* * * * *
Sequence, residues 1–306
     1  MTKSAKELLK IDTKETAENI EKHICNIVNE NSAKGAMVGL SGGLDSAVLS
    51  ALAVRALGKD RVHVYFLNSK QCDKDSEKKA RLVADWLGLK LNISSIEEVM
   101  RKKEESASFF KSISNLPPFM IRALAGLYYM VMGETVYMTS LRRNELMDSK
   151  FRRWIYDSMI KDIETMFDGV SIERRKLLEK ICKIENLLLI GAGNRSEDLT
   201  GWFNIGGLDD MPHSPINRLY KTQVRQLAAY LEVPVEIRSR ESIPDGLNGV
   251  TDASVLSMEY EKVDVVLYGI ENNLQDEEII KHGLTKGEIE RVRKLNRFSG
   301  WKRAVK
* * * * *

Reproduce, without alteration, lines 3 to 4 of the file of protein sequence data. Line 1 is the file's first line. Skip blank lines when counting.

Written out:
    51  ALAVRALGKD RVHVYFLNSK QCDKDSEKKA RLVADWLGLK LNISSIEEVM
   101  RKKEESASFF KSISNLPPFM IRALAGLYYM VMGETVYMTS LRRNELMDSK